Tuesday, October 6, 2015

Killer Swell (Noah Braddock, #1)Killer Swell by Jeff Shelby
My rating: 2 of 5 stars

"We drove south on the five, past Lindbergh Field, the ancient El Cortez Hotel and Balboa Park, home to most of San Diego's cultural activities. We moved by the on-ramp to the Coronado Bridge and then through the industrial grounds of National City and Imperial Beach to the last U.S. exit in San Ysidro."

Jeff Shelby's "Killer Swell" (2005) relies on prose like the fragment shown above in its attempts to convincingly situate the plot in San Diego. This beautiful city has been my home for the last 33 years and I am always on a lookout for accurate literary portrayals of the city. Alas, listing the names of streets, districts, and tourist attractions does not convey the atmosphere or sense of location. The only part of San Diego that is somewhat close to coming alive from the pages of the novel is the surfers' and beach bums' area around Mission Boulevard. All the rest are just words.

Noah Braddock, a private investigator and an avid surfer, is the protagonist of the novel. Ten years ago, while finishing high school, he had been in love with Kate, but her parents managed to break the relationship. Now, Kate - who has since married and moved to Northern California - has disappeared and her mother asks Noah to help find her. Despite the passage of time, Kate is still a very important person to Noah, so he agrees to take the case. The investigation leads him and his cliché sidekick, Carter, to face a cliché Mexican drug lord and his cliché brutal enforcers. There is violence, people die, and others get hurt. In other developments Noah also has to face Kate's slick husband, while continuing the on-and-off relationship (another cliché) with Liz, a detective on the San Diego police force.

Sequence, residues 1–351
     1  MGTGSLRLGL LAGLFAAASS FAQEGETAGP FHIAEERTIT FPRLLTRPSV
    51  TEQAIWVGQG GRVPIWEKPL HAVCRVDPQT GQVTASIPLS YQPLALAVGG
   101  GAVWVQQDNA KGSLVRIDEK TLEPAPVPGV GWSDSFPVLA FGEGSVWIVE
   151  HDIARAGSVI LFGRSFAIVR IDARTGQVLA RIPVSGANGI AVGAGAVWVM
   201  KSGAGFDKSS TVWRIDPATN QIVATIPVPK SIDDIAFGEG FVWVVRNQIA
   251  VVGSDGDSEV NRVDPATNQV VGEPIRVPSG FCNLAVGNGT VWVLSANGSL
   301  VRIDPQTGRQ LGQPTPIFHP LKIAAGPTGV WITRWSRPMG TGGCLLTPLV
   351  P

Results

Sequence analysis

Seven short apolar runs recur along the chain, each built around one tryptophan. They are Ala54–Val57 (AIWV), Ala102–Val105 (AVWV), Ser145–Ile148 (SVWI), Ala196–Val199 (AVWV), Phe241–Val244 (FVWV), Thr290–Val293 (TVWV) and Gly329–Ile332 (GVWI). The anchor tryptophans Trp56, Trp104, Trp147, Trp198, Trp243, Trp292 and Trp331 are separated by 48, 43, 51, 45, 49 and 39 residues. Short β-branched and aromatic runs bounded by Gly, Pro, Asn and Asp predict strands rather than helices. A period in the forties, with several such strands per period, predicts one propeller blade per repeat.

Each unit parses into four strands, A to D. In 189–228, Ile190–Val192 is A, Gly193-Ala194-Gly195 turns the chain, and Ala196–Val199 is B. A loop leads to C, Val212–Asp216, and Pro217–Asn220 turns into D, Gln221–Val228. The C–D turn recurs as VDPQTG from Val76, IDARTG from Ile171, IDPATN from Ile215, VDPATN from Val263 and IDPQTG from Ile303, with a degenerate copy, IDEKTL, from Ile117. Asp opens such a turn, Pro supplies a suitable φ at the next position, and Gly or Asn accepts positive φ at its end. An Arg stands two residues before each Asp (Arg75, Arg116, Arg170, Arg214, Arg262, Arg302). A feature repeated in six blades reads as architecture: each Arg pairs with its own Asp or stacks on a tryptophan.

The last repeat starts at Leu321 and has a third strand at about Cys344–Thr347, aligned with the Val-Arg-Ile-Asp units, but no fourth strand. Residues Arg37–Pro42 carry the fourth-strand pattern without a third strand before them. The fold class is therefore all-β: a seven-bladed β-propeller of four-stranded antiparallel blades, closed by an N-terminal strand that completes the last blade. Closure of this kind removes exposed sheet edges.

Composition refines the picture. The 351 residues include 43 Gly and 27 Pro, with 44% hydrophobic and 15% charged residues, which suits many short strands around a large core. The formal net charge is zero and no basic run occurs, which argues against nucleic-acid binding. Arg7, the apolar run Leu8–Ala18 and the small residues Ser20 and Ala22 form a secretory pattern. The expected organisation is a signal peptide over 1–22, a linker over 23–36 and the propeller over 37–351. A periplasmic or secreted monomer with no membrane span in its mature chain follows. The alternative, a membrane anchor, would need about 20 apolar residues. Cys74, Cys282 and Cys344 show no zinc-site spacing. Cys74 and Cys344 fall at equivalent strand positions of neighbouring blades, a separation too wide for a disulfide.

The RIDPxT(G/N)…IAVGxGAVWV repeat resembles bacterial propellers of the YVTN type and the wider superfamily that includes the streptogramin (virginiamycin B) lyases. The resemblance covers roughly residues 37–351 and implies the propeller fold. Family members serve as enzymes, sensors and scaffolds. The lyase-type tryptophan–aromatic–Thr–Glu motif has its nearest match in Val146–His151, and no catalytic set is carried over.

Despite the preponderance of tired clichés, despite several moronic plot devices (for instance, Tates, the psychotic twins, ugh), and amateurish sentences like "He said it so matter-of-factly that it couldn't have been a lie", the novel is not that bad a read. I have to admit I sort of enjoyed it.

Two and a half stars.

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